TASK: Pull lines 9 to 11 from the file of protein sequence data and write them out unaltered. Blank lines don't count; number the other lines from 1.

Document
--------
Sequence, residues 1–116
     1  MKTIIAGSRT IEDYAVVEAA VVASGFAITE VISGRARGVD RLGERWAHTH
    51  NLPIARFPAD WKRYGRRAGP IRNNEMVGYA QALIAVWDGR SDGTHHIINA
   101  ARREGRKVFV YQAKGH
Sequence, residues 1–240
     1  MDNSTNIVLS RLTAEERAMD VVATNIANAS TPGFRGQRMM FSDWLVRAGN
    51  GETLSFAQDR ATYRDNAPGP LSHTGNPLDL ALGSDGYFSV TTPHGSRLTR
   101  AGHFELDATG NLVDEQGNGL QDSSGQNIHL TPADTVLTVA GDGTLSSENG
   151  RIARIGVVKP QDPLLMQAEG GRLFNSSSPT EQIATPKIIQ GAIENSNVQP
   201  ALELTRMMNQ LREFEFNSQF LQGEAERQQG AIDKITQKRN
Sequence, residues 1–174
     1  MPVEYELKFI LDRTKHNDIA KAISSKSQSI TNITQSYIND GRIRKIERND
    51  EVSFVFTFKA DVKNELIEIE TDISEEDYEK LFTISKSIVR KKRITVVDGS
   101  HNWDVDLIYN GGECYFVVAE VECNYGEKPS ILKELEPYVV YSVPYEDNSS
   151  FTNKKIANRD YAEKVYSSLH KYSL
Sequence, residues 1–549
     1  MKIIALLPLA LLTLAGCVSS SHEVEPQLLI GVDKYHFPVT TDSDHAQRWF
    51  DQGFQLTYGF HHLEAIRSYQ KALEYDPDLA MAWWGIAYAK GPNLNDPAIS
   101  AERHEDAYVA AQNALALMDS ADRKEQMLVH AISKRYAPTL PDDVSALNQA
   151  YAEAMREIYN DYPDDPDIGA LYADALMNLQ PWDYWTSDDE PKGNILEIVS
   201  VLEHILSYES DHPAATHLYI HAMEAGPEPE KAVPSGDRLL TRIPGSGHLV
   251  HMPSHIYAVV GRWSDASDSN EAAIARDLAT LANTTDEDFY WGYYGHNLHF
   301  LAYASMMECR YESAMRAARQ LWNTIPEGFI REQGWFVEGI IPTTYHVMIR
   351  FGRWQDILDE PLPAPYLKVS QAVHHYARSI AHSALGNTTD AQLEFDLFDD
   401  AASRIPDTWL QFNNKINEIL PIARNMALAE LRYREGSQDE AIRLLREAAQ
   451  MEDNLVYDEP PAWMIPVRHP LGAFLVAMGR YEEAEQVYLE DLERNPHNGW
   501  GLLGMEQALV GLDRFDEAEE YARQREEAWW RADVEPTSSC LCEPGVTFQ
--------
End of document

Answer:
   151  RIARIGVVKP QDPLLMQAEG GRLFNSSSPT EQIATPKIIQ GAIENSNVQP
   201  ALELTRMMNQ LREFEFNSQF LQGEAERQQG AIDKITQKRN
Sequence, residues 1–174